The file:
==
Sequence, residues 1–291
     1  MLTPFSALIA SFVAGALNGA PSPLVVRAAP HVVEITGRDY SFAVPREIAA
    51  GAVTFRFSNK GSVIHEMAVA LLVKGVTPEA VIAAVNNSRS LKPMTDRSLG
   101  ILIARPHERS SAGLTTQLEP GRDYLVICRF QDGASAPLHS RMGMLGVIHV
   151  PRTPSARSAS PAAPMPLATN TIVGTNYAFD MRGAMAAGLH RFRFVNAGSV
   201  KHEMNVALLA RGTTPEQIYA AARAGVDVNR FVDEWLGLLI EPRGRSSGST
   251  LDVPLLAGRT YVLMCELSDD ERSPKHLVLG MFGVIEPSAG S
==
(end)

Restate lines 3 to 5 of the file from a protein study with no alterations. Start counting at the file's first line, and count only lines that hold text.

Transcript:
    51  GAVTFRFSNK GSVIHEMAVA LLVKGVTPEA VIAAVNNSRS LKPMTDRSLG
   101  ILIARPHERS SAGLTTQLEP GRDYLVICRF QDGASAPLHS RMGMLGVIHV
   151  PRTPSARSAS PAAPMPLATN TIVGTNYAFD MRGAMAAGLH RFRFVNAGSV